Key questions about the Budget - 5


How bad will the recession get?

It is going to get pretty ugly. The closest the Treasury came to a precise estimate of its expected peak-to-trough loss of output was its forecast that gross domestic product would fall from £641bn in the first half of 2008 to £630bn in the first half of 2009. This implies a 1.7 per cent loss of output. The forecast compares favourably with the recessions of the early 1990s and the early 1980s when the economy contracted by 2.5 per cent and 4.6 per cent respectively.

The Treasury risks being seen as a Pollyanna with its forecasts. Most independent forecasters are moving to a position where they believe the recession will be at least as bad as the one in the early 1990s. The National Institute of Economic and Social Research expects a 2 per cent drop while the CBI and Capital Economics consultants believe the peak-to-trough fall in national income will be 2.5 per cent. They all believe household spending will be more sluggish for longer, investment will drop by more and unemployment will rise faster. The CBI expects unemployment to reach 2.9m by mid 2010.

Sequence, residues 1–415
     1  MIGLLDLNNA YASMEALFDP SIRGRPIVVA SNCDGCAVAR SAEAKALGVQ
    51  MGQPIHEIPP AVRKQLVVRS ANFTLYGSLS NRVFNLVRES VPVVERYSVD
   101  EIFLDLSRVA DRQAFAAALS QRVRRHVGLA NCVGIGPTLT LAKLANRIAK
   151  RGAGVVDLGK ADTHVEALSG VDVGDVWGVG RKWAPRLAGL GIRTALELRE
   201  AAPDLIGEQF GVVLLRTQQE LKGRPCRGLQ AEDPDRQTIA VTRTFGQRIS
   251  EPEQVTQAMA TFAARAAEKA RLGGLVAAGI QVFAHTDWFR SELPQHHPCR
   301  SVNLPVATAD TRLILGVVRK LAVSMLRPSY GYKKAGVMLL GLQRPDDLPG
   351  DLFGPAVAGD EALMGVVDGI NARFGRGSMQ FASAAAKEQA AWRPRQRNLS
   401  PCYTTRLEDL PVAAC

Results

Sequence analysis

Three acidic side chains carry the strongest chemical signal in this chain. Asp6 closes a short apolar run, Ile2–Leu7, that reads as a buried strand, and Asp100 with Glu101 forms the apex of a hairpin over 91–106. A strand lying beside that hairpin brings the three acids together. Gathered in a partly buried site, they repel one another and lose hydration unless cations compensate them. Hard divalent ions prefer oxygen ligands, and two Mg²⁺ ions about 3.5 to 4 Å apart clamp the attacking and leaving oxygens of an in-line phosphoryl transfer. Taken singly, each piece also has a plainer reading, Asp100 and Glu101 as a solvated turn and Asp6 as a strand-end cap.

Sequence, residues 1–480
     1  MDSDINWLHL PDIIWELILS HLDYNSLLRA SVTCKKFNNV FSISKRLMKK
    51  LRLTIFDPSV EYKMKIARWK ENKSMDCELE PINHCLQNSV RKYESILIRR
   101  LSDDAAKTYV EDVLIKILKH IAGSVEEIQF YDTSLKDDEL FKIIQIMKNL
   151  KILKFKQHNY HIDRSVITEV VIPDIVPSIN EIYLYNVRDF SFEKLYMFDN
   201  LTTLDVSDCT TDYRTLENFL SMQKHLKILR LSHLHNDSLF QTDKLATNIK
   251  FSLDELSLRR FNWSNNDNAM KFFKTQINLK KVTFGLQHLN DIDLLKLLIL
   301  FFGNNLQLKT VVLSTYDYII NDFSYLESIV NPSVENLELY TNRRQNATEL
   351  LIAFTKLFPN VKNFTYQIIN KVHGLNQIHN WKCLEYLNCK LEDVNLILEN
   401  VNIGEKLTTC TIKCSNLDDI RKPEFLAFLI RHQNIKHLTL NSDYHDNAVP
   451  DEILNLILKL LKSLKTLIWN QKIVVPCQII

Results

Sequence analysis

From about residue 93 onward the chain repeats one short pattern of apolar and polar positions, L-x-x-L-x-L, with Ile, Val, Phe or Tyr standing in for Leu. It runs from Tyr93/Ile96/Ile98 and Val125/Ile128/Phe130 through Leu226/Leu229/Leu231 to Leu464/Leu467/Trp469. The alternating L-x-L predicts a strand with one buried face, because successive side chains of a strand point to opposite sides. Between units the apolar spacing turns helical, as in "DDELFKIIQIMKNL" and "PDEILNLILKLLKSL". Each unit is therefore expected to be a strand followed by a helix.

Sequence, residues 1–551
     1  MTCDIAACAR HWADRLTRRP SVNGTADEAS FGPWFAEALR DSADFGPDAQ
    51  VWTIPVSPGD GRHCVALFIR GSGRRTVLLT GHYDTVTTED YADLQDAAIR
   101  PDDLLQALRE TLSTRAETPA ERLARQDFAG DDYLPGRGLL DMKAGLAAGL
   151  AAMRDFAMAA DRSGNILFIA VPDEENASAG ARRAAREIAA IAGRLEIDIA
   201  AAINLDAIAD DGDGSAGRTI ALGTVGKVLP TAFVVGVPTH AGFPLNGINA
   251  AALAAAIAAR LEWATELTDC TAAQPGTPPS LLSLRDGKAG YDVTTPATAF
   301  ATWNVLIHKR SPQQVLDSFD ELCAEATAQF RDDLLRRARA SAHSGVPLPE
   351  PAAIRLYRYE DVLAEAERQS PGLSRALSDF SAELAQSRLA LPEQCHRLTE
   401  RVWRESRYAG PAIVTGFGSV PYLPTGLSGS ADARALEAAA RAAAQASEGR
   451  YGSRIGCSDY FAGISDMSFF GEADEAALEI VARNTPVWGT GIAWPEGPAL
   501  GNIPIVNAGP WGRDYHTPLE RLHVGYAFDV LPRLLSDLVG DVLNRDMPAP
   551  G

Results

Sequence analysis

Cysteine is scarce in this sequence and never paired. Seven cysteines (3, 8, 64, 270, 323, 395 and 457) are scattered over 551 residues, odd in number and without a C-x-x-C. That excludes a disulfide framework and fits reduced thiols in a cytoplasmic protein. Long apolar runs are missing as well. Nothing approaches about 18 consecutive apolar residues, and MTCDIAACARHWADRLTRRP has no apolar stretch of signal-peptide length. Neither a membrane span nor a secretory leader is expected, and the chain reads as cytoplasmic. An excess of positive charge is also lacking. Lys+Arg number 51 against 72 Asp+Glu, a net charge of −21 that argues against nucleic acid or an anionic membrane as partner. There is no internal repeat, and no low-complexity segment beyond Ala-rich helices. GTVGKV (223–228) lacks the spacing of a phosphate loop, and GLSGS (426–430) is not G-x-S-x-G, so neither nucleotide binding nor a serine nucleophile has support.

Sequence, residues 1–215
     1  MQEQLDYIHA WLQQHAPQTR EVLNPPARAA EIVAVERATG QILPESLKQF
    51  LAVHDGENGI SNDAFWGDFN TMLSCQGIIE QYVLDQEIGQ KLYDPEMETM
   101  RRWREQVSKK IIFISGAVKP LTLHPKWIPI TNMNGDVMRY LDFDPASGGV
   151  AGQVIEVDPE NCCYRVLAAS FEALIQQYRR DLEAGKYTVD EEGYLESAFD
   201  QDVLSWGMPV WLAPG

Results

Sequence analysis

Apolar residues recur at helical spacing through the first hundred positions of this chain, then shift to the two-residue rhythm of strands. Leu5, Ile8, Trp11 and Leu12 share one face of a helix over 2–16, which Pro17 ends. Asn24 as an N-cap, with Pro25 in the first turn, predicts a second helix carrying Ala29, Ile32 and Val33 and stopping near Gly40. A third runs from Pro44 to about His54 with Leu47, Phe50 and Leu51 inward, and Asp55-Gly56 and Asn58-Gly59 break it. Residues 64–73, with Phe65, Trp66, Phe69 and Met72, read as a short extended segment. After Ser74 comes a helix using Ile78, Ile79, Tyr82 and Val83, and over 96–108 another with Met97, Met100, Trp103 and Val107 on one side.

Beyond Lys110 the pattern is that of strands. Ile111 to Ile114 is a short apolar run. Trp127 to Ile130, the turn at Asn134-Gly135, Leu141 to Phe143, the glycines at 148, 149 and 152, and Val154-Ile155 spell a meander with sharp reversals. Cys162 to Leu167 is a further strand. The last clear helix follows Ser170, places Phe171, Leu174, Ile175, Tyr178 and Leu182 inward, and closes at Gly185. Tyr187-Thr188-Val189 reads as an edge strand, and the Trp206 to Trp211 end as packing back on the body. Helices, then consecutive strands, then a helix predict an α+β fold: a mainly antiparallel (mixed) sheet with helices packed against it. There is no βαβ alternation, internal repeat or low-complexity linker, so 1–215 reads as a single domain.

Even if the Treasury’s forecasts are accurate, the sharp loss of expected output raises public expenditure as a share of GDP in 2009-10 from the Budget forecast of 41.7 per cent to 44.2 per cent. In contrast, tax revenues will fall much further than the economy. The Treasury expects government revenues as a share of GDP to tumble from 39.2 per cent in 2006-07 to 36.2 per cent in 2009-10, including the fiscal stimulus, implying public sector net borrowing of 8 per cent of GDP, or £118bn.

Public sector net debt balloons on the new Treasury forecasts, hitting 57 per cent of GDP in 2013-14 before it stabilises and slowly declines – a level thought unimaginable in Whitehall as recently as the spring. This blows out of the water Gordon Brown’s fiscal rule to keep debt below 40 per cent of GDP in “each and every year”.

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Methods there are many, principles but few, methods often change, principles never do